Problems Often Experienced by Single Mothers and their Children
Living single is possibly a choice that allows many women in our society greater freedom in general. However, when children are involved, there is no doubt that single parenting comes with its share of risks and disadvantages.
According to a 1992 Children Defense Funds report, only 10% of American's dual parents families have incomes below the poverty line, but 50% of all homes run by single women live in poverty. If a mother did not complete her high school education, the probability that the family income will be below the poverty level is almost 90%.
Based on other findings, children who were brought up in poverty, in a home headed only by a mother, are at risk in several different ways. It's believed that the absence of a father lowers a family's social status as well as its economic status. Housing is likely to be crowded and frequent relocation or changes in residence are also common occurrence.
In the majority of these homes, meals may be meager and nutritionally poor. Due to inadequate or unavailability of health coverage, proper medical care may also be lacking. Also, the women who are the head of these households are usually psychologically distressed as a result of their struggle for survival. Many are plagued by depression or anxiety, which interferes with their ability to be supportive and attentive parents.
One author believes that children who are brought up in these homes may be placed at a disadvantage in a number of ways that affect both their psychological health and their intellectual development. As a result, they are less likely than other children to better their socioeconomic status during their adult stage of life. They are also more likely to become single parents themselves. Thus the problems are often passed on to the next generation.
Recent studies have attempted to identify the factors that can break the cycle of depression and hopelessness that characterize some low-income single parent homes. Researchers have discovered for example, that when mothers in a single-parent home were employed at a job they like, their children had greater sense of family organization and togetherness than children whose mothers did not work. Another finding was that working single mothers had a particularly strong impact on their daughters, who placed greater emphasis on independence and family achievement and had better grades than the daughters of a single-parent mother who didn't work.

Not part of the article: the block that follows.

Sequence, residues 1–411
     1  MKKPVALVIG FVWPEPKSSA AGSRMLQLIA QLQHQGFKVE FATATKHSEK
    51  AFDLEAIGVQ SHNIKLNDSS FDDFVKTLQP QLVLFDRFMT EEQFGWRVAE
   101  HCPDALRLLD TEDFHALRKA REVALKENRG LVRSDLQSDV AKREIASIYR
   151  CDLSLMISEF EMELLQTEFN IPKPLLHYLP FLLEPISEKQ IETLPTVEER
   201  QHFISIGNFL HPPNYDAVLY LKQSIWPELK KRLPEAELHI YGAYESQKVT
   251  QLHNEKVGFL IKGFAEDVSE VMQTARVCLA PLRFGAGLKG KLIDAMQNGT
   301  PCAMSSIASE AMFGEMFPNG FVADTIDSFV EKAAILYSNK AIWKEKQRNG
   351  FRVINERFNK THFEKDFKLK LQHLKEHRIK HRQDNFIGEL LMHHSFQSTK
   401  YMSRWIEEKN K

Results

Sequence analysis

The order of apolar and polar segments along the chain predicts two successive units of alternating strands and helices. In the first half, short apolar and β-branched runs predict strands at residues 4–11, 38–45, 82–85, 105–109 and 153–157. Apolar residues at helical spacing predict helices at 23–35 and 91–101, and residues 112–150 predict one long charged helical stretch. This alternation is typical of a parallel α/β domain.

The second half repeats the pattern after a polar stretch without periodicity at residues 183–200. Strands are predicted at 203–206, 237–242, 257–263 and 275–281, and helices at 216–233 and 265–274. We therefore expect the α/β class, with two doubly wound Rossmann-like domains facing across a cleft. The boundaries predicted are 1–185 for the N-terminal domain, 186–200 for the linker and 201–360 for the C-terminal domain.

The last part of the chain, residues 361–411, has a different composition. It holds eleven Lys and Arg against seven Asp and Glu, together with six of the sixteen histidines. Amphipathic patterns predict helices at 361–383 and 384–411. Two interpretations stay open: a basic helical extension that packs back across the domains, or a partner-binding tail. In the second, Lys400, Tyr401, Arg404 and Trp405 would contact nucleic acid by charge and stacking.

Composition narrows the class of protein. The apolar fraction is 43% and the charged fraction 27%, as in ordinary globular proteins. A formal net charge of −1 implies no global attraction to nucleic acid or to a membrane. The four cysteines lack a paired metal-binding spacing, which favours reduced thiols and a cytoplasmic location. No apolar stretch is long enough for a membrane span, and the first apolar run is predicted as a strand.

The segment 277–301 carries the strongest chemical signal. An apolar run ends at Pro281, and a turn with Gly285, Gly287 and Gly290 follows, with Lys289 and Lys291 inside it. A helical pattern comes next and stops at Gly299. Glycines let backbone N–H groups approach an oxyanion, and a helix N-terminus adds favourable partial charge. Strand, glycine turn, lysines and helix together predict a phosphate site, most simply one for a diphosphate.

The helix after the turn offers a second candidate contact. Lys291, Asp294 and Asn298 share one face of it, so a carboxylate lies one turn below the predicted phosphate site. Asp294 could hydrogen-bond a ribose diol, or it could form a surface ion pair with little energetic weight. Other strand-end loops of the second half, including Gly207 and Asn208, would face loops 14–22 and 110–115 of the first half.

Studies found that economic hardships affect a mother's psychological functioning, affecting her ability to be an effective parent and to have a positive mother-child relationship. The women in these studies have shown symptoms of depression when they were unemployed, and when they were depressed, they have the tendency to punish their children more frequently. In turn, children who received punishment on a regular basis showed greater signs of cognitive distress and depression. When children surmise their families were experiencing severe economic hardship, they reported greater anxiety, cognitive distress, and lower self-esteem compared to children who have not been through similar hardship.
Although the decision to live alone may not be an outright bad idea for some people, especially those who are childless, or even mothers who are financially stable. For the economic disadvantaged single individuals, single parenting poises greater risks and the disadvantages are numerous for the children and the mother alike, who is often left with the responsibility of head of household.
(C) Copyright : I. mcFarlane 2012